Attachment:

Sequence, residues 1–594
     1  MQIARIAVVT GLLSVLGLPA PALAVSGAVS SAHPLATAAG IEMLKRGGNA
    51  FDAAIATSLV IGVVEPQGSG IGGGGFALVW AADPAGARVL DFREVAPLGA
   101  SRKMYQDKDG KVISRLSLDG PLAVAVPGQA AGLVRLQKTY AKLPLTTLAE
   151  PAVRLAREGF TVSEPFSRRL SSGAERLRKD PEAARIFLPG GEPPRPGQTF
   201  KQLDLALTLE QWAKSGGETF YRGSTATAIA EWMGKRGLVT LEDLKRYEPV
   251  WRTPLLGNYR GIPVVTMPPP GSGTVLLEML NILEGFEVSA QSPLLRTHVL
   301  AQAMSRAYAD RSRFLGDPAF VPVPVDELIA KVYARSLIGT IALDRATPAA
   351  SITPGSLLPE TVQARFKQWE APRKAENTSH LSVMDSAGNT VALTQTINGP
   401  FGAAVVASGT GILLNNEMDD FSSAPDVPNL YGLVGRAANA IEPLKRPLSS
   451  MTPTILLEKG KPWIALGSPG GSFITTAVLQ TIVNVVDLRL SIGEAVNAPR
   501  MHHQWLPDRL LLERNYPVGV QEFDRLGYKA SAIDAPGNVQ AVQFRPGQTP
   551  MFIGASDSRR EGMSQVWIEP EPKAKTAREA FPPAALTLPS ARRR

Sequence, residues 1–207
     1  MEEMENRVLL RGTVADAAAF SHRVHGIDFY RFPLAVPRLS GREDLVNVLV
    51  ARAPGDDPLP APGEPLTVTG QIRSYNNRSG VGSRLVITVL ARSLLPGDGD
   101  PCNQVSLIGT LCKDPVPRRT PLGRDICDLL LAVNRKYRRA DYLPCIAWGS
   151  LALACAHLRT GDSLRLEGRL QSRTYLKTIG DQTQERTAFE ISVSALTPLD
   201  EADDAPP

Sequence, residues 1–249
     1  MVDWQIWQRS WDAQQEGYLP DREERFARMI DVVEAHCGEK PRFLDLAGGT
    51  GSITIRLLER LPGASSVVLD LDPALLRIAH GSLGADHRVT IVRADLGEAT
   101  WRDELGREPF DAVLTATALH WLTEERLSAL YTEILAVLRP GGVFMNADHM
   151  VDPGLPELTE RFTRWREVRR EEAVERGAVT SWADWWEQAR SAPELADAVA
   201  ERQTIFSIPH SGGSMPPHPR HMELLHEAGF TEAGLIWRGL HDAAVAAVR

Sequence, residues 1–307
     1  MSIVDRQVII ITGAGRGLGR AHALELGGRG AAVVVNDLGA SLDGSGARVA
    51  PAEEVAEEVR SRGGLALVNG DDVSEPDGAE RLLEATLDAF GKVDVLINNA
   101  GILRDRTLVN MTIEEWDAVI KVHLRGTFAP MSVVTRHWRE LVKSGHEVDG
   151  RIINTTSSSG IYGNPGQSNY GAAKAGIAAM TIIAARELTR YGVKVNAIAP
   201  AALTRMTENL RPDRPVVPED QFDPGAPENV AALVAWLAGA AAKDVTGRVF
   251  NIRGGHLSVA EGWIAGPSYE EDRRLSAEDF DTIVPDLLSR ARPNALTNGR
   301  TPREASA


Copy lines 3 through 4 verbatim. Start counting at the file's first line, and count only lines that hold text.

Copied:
    51  FDAAIATSLV IGVVEPQGSG IGGGGFALVW AADPAGARVL DFREVAPLGA
   101  SRKMYQDKDG KVISRLSLDG PLAVAVPGQA AGLVRLQKTY AKLPLTTLAE